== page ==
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Istanbul: a child connects with her grandmother (Photo: Collin Key)

Every once in a while you find a post that says it just the way you would have. Here’s one at All Girls by Sally Reed, regular reader of Slow Muse, about so many themes and ideas that I find compelling—the work of D. W. Winnicott (a post about him here), the inestimable theatrical genius Patsy Rodenburg, the ineffable connection we can feel with certain people, the leaky margins of personal space—it’s all there, and so well written.

Here’s a sample, but stop in to read the entire post:

Winnicott posits that there is a private space (the psychic space within), and a public space, which is clearly outside us. And then, between us, is the place where we connect: the transitional space which is neither purely inside nor purely outside, but rather an enlivened between space. And according to Winnicott, this transitional space is the space of play and creativity — where our culture is created, where love can grow, where teaching and learning take place, where art is made, and where culture is created.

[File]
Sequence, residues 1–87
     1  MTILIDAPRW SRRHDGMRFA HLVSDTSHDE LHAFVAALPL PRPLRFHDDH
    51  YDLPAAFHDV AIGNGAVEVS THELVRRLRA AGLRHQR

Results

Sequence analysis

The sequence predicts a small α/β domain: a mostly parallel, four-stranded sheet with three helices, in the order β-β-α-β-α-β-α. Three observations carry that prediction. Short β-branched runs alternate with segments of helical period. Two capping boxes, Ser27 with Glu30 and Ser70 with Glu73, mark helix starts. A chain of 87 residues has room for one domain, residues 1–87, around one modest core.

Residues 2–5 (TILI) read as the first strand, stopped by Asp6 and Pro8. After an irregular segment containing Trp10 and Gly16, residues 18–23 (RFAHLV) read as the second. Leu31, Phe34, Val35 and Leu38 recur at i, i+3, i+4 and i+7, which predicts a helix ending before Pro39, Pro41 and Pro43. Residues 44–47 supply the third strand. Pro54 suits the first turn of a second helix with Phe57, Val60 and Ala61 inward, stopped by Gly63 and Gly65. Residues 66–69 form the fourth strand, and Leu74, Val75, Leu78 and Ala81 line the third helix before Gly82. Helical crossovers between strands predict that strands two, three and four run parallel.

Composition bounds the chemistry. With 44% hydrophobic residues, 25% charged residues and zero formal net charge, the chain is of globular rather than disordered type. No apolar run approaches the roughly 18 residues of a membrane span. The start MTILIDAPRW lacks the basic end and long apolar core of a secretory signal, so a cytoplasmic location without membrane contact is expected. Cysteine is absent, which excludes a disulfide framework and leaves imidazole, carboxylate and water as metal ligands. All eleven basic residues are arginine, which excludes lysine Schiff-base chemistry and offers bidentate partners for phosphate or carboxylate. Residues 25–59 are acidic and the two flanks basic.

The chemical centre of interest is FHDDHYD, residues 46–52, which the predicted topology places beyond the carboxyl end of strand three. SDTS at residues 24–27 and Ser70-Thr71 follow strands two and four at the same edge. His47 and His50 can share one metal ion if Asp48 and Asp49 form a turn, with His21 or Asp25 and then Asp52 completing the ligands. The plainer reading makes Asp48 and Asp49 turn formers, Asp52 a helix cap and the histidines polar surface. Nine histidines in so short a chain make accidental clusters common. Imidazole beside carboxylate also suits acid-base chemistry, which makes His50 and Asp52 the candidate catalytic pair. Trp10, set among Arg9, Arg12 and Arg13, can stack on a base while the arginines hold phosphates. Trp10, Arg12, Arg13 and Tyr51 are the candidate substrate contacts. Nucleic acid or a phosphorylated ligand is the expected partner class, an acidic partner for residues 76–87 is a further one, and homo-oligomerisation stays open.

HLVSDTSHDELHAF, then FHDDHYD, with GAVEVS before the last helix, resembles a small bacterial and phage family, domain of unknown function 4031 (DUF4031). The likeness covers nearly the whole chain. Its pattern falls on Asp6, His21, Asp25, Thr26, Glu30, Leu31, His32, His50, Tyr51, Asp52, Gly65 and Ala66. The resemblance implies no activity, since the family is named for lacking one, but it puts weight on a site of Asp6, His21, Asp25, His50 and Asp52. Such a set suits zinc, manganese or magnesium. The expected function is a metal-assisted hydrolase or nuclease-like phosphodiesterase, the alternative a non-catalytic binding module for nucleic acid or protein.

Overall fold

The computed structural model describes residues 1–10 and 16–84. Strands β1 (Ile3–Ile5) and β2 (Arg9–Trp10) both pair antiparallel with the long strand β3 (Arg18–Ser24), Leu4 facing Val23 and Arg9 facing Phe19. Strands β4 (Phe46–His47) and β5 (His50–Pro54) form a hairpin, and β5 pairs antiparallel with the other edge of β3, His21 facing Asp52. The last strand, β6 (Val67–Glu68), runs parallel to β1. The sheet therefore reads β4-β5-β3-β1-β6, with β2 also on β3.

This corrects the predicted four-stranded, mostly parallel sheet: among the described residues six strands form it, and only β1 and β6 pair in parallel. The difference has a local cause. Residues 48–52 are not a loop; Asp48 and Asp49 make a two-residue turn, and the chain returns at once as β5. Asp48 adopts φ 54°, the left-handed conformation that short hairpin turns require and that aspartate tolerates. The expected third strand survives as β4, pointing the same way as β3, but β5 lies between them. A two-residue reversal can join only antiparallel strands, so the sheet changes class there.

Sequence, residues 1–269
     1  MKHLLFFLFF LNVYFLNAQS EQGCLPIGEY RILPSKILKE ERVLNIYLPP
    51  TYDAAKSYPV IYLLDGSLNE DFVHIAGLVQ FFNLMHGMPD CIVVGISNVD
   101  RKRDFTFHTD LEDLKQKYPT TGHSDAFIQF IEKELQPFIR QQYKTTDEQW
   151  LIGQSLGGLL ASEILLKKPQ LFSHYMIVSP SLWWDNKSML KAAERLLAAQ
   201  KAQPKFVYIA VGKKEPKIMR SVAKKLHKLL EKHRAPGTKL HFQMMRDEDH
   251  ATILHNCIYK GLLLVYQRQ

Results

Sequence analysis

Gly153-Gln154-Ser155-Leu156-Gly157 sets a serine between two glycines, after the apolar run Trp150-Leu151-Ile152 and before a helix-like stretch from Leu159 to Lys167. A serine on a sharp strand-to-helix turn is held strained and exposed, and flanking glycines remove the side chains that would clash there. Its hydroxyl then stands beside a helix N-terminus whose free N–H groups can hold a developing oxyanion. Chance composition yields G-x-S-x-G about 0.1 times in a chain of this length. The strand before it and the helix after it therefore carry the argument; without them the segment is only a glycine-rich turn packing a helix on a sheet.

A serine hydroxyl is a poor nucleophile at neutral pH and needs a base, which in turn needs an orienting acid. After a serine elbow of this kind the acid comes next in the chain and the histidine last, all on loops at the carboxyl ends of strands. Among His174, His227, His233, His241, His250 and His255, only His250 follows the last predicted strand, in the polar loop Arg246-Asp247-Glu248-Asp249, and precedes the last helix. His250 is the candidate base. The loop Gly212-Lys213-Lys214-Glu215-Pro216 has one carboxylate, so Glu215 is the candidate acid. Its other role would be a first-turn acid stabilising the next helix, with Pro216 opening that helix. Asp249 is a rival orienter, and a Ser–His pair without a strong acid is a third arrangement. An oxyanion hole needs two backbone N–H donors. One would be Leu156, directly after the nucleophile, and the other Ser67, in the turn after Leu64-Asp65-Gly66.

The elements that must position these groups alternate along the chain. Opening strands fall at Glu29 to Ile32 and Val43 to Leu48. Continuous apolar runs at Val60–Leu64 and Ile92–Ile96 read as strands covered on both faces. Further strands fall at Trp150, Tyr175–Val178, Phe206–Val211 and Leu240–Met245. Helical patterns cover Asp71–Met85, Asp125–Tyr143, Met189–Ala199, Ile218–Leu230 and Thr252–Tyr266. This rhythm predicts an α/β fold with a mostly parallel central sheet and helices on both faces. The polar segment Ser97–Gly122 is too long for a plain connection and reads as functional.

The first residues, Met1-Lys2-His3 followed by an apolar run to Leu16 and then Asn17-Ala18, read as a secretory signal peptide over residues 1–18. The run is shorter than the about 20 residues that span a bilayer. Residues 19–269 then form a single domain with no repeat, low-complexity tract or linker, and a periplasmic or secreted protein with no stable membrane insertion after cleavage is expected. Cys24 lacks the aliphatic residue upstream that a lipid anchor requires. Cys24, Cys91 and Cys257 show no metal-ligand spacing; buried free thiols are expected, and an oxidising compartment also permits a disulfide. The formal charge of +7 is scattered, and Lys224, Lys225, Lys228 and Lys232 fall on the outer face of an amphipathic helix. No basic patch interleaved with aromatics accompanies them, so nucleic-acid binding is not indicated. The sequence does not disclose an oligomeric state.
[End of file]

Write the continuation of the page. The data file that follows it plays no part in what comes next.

I have been aware on occasion of a friend or lover holding a space open for me … almost as one might hold up a tent or a canopy. It’s like a balm. You feel the welcome and readiness to connect when the transitional space is held open for you. And feel the sadness when that space collapses.